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Most modern programming languages, such as Java, C#, Ruby, and Python, are object-oriented languages, which help group individual bits of code into a complex and coherent application. However, object-orientation itself is not a language; it's simply a set of ideas and concepts.
Let Simon Allardice introduce you to the terms—words like abstraction, inheritance, polymorphism, subclass—and guide you through defining your requirements and identifying use cases for your program. The course also covers creating conceptual models of your program with design patterns, class and sequence diagrams, and unified modeling language (UML) tools, and then shows how to convert the diagrams into code.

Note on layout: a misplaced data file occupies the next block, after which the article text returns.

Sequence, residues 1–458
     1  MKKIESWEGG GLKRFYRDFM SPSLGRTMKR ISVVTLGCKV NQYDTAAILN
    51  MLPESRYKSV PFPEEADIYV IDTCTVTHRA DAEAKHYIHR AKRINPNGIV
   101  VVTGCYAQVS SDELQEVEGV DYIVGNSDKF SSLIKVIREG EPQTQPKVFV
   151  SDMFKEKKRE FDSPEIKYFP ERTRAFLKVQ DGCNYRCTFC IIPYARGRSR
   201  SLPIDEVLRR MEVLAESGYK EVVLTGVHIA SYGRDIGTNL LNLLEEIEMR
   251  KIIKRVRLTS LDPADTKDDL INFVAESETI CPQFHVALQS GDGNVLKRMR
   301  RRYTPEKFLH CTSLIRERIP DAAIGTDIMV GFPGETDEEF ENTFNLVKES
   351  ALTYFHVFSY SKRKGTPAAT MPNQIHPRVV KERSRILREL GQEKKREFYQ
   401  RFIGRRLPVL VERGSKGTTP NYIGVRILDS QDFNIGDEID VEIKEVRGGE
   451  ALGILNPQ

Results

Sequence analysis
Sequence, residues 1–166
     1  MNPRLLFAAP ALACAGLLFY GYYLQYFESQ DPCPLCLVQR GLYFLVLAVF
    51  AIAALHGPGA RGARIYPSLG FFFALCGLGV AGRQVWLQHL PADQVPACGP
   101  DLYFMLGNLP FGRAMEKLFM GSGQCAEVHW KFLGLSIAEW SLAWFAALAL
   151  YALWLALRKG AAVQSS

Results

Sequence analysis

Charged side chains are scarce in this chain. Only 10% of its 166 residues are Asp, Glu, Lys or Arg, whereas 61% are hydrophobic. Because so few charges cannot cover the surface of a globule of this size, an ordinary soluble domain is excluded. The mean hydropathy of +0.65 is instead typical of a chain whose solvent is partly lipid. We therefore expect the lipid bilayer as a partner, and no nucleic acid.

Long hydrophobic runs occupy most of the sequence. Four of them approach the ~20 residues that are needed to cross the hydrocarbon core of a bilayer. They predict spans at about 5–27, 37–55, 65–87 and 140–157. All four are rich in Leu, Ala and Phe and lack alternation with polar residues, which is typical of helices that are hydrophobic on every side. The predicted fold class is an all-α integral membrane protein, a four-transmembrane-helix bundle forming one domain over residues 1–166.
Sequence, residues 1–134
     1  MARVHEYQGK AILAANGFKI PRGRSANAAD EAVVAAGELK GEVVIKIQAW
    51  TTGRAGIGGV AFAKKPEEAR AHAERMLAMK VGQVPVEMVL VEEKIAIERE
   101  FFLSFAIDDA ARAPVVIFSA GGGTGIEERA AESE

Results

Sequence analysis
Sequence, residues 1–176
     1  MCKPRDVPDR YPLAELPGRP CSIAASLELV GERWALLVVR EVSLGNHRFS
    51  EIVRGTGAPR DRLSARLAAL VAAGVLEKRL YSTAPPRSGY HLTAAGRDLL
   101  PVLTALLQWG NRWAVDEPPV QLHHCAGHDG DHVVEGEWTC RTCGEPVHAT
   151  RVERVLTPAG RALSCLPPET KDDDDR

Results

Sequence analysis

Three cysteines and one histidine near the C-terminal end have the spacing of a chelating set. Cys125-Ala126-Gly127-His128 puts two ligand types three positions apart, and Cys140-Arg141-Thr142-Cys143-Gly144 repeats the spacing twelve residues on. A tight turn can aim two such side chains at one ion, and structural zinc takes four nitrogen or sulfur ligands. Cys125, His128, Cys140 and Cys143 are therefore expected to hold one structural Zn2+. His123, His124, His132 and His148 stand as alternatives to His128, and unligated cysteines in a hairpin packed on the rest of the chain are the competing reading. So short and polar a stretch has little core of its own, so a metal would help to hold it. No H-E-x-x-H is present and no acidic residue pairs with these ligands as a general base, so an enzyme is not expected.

We are at the end of the course, but there is still a lot more that you can learn and understand about object- oriented programming analysis and design. You can develop these skills for many years both in depth and in subtlety. Now most people first approach object orientation believing it's a set of absolute rules and predefined structures. But as we've explored, it's simply an approach that brings with it a variety of tools and techniques. It's true that there is no one true way but there are certainly best practices, and you have the choice of which ones are most useful for you.
It's a good idea to revisit this content now and again. You will find new ideas, and things that will have new meaning the second or even the third time around. And thanks for watching. See you next time.
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